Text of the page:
The Carlisle Mosquito Online

Friday, August 13, 1999


Two additions breeze by board of appeals; one denied

The Carlisle Board of Appeals meets on the first Thursday of every month, as needed, and summer is no exception. Thus it should come as no surprise that lights were burning in the Clark Room on the hot summer night of August 5 as the board hosted three public hearings.

Bellows Hill addition

Sidney Levin and Nancy Maurer attended the meeting to request a special permit under zoning bylaw 6.3 for construction of an addition and deck for their home at 69 Bellows Hill Road. Bylaw 6.3 is the infamous 50-percent rule that defied all attempts at clarification earlier this year at Town Meeting. Thus, it remains for a non-conforming building, structure, or land that no extension shall be made which increases the total of all floor area by more than 50-percent over the total that existed when the use first became non-conforming.

"We've kept within the 50-percent rule and setback requirements," said Levin, to the relief of all the board members. Levin explained that they want to extend the kitchen and add a dining room off the back. The existing 24-foot by 36-foot house will receive a 22-foot by 18-foot addition with a four-foot deck in back. "We plan to combine the foundation work with installation of a new septic system to replace the old cesspool," said Levin. "This removes the chance of any truck damage to the septic system if the addition were done later."

Noting the walk-out basement, member Terry Herndon asked whether the land drops off steeply in back of the house. "Yes," replied Levin, "but the new septic system mound will help to level the back yard." Levin concluded his presentation by stating that the combined project is slated to start next spring.

Chair Midge Eliassen prompted an affirmative decision from the board by stating, "I see the house as totally confirming -- a conforming house on a non-conforming lot." The board also decided that the extension of the house is "not substantially more detrimental to the neighborhood" in keeping with bylaw 6.3 and granted the special permit by a vote of 3-0.

East Street expansion

Richard and Madge Nickerson requested a special permit under the same rules of bylaw 6.3 for construction of an addition to their home at 564 East Street. The Nickersons intend to expand their one-car garage into a two-car garage and build a small roof over their front door for rain protection. "We're non-conforming," said Richard, "because our 1725 house is too close to the road or the road is too close to the house." The colonial, with its landmark stone wall, sits at the corner of East and Rutland Streets.

The new 12-foot by 20-foot garage will be built behind the existing garage and be invisible from the road. It is less than 50 percent of any combination of dimensions of the 2,500 square foot house. The 5-foot by 12-foot entryway roof will never be enclosed. "It's strictly for rain protection for visitors," said Richard Nickerson. "Otherwise, they would get soaked from rain pouring off the roof."

Board members agreed that the garage is a conforming addition and compatible with the historic building. As for the entryway roof, it does not increase the non-conformity, even though it intrudes five feet into the setback, because a major part of the house is closer to the road. The board therefore voted 3-0 to grant a special permit for the construction.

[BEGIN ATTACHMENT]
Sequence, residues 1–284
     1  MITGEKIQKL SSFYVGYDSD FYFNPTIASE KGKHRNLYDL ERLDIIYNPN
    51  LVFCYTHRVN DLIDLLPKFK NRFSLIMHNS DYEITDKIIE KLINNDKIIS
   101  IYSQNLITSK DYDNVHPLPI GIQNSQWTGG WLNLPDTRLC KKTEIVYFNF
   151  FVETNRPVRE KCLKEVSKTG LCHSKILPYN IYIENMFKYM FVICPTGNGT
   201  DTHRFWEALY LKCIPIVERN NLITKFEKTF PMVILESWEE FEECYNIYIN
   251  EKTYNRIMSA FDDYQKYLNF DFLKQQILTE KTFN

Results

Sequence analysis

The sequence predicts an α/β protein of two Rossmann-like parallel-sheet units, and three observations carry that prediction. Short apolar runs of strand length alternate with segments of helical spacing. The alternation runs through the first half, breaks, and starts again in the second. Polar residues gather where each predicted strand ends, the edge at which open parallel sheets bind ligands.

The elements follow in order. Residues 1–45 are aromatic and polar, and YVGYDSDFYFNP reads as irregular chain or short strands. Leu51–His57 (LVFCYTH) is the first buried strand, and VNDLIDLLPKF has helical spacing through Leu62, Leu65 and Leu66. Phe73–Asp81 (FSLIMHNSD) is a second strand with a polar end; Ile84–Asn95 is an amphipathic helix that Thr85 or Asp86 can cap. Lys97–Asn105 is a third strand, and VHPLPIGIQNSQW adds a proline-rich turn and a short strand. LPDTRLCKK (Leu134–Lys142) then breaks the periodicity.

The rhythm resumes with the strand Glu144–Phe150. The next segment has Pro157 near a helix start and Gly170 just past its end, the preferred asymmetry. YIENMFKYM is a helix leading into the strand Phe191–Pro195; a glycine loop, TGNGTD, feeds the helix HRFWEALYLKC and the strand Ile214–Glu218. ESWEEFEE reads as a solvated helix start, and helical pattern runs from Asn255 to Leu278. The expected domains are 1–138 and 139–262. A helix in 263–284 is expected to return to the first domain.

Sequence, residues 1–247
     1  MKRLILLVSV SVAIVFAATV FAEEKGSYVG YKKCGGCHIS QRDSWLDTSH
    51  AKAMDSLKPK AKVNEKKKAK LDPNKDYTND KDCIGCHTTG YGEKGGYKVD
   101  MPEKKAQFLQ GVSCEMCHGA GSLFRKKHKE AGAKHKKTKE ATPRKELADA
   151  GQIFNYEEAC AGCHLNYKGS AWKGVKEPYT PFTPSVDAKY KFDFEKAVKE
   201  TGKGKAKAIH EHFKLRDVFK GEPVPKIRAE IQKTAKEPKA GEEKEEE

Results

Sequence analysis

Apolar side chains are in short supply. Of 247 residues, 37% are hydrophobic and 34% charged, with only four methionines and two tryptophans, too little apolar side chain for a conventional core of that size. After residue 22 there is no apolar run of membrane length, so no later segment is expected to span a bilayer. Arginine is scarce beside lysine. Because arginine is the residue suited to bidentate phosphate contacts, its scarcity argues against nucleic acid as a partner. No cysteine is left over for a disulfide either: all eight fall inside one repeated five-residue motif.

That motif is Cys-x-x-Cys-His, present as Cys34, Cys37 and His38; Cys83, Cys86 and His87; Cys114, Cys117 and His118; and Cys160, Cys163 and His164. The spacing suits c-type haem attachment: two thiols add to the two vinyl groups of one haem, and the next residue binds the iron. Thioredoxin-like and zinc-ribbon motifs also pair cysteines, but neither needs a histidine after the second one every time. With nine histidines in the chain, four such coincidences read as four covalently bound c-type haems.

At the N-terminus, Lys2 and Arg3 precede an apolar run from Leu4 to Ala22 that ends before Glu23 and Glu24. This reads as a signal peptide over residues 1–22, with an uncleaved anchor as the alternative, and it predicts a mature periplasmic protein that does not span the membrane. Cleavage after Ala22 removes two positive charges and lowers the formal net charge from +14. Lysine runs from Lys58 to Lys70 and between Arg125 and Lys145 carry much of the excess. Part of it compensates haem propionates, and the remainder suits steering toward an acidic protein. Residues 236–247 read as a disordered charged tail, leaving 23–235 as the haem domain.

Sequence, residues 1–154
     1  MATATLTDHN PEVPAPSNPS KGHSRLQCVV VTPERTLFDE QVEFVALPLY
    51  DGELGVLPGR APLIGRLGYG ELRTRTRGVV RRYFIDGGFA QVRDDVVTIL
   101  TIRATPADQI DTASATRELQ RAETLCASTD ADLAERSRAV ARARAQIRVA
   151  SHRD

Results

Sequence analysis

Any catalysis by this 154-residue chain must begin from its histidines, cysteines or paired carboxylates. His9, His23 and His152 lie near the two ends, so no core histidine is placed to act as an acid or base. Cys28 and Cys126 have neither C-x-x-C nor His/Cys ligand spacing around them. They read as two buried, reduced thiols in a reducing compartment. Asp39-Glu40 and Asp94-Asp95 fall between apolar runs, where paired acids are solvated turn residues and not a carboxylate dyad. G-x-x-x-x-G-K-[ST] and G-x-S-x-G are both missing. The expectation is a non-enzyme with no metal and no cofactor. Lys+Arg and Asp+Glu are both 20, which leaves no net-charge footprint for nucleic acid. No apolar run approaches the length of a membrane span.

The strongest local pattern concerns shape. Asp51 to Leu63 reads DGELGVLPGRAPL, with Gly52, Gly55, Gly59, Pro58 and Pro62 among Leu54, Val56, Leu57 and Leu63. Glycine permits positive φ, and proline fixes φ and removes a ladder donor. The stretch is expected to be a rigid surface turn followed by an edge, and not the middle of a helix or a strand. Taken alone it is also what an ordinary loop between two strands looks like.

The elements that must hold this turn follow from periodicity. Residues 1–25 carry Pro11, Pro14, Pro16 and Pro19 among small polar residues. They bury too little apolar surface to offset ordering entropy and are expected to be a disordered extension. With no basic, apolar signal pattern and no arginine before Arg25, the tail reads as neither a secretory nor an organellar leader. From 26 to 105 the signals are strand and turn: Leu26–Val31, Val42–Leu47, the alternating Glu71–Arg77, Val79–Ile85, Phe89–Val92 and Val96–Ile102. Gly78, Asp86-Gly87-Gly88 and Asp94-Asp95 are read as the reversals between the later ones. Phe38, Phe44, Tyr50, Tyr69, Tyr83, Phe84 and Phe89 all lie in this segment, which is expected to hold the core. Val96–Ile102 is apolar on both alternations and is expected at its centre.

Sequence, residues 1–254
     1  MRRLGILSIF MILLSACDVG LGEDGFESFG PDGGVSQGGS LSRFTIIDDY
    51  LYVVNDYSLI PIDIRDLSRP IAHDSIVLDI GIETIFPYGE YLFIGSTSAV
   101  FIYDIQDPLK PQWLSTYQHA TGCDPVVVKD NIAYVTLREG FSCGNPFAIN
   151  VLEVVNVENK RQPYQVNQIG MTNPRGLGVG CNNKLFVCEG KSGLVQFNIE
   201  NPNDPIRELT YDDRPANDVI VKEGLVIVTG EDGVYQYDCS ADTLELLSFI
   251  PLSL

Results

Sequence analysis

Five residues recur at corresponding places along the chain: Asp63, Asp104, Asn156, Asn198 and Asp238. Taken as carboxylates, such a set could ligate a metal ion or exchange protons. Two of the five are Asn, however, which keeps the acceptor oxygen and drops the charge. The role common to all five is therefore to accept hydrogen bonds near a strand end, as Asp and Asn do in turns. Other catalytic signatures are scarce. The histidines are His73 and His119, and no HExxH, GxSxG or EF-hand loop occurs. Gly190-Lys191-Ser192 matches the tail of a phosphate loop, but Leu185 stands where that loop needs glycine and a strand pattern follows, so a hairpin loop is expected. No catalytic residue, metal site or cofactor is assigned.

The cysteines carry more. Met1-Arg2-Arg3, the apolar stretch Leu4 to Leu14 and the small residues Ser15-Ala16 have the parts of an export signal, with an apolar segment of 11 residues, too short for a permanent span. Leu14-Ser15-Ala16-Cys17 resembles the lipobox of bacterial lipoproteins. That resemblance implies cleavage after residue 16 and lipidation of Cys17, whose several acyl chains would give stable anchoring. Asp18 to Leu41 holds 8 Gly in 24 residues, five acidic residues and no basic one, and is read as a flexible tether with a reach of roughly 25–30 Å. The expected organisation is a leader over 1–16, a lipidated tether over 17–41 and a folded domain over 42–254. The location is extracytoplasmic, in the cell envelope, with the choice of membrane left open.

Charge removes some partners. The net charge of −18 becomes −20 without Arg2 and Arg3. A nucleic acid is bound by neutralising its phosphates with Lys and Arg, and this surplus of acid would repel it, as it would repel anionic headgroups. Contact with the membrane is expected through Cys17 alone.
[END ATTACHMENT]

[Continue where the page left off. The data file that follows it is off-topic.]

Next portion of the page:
Maple Street garage

Two positive decisions by the board boded well for the third and final public hearing of the mid-summer evening. John and Joan Patterson came forward to request a variance, under zoning bylaw 7.5 from the requirements of zoning bylaw 4.2.1 regarding front lot-line setback, for construction of a garage at 738 Maple Street. The Pattersons live on the corner of East and Maple Streets across from the Greenough Land.

Bylaw 7.5 allows for zoning variances when the literal enforcement produces "substantial hardship." Speaking for the couple, John Patterson described the shortcomings of their driveway. "It's steep," he explained. "It drops seven feet in the 40-foot distance from the road. Our present basement garage is way down in a hole. It can't be plowed in the winter. We park at the top. We've slipped and others have slipped on the icy grade."

Patterson displayed plans for the new garage. It measures 24 feet wide by 27.5 feet deep, 6.5 feet of which provides a hallway between the garage and kitchen. The new garage is attached to the house and situated in the existing driveway, thus reducing the setback from the road to only 21.6 feet. The new garage floor is raised four feet above the old and the driveway slope reduced accordingly. "This gets the grade down to ten percent," Patterson disclosed, "and solves our driveway problem." Since the new garage aligns closely with the first floor of the two-story house, Patterson explained that there's room for an office over the garage. And the office would be more useful if provided with external access.

The summer euphoria of the board members vanished as they mulled over the situation. Herndon admitted that he was having trouble with the "hardship" argument. "True, you can't plow and it's slippery," he reasoned, "but the setback has been cut in half. Where do we draw the line? How far do we bend the town bylaws?" Eliassen sympathized that an alternate location of the garage is difficult. "It's a severely constrained lot because of the surrounding wetlands. However, there might be other ways to attack the problem," she suggested.

Member Scott Batchelder was no more forgiving than his fellow board members. Together they recorded three objections -- substantial setback infringement, questionable hardship and the possibility of other solutions. "The role of the board of appeals is to uphold the town bylaws," said Eliassen, as they voted 3-0 to deny the application and then adjourned the meeting.

1999 The Carlisle Mosquito